Both armies eyed each other murderously. The Romans visibly nervous at the concentration of Blade and Spear killing units aimed at the heart of their army. Here a few well placed dice throws could devastate and determine the game.
The Phalanx advanced and the Legions made minor adjustments with a shuffle forward gaining the best supporting arms combinations. The Greeks pondered, were there crazy flaming pigs or lurking anti-elephant war wagons to be declared as some part of a cunning ruse? If so, in theory, the light forces in the van of the Greek box were ready to deal with them. Meanwhile the Samnites on the extreme Roman right and (green caped - any significance?) Roman cavalry hurled themselves at the Greek left flank.
So started the battle royal:
The cavalry went toe-to-toe, the Greeks holding their auxillia as a reserve, while the Samnites tried to march move theirs the long way round with the aim of bringing devastation to the Greek rear. Would the tactic work? On the far left of the Greek line the Greek sub-commander is seen in the front line trying to emulate Alexander.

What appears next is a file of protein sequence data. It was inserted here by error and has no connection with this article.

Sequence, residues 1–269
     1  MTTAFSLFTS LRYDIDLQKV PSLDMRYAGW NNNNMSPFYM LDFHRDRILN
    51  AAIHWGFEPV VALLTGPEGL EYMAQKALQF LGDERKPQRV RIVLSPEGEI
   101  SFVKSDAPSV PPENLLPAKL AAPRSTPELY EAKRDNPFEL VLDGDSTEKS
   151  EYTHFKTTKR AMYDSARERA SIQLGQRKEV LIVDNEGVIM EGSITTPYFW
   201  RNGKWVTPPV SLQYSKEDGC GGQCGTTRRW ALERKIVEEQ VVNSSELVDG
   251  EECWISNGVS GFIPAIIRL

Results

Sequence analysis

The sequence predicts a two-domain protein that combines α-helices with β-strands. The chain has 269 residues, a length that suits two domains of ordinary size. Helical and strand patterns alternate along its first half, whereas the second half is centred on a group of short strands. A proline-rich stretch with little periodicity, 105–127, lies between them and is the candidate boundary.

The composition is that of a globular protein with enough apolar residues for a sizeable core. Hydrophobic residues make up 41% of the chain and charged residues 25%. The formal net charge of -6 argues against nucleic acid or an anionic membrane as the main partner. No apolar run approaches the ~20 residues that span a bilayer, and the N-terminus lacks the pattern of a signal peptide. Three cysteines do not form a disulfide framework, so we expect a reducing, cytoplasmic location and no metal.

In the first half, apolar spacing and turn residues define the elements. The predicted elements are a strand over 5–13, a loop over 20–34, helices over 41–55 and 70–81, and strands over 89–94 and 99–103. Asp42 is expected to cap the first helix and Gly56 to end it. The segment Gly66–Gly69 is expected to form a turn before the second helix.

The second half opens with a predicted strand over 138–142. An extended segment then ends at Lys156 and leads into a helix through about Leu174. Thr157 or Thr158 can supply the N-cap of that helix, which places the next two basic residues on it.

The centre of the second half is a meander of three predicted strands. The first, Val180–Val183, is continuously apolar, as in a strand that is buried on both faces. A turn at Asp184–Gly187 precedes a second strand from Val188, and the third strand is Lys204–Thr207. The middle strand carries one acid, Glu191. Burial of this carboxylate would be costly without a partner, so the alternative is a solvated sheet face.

This turned out to be short-tern gain for a longer term pain, as command points were doubled and he followed up his own local successes (automatically advancing) on his Roman General opponent impetuously imperilling his flank over time.
Meanwhile in the middle, facing the dreaded legion and its Blades, the Greek light units engaged. To the relief of the Phyrus finding no mysterious foe (pigs or wagons) merely line upon line of deadly Blade and Spear. Eeek!
The right of the Legion also engaged with a screen of light horse protecting the valuable Elephants and Knights:
The Roman extreme left was poised ready to swing in on the right flank of the Greek box, with only a column of lights and auxillia (just out of shot) between them and a juicy Phalanx flank:
Next: The main event ...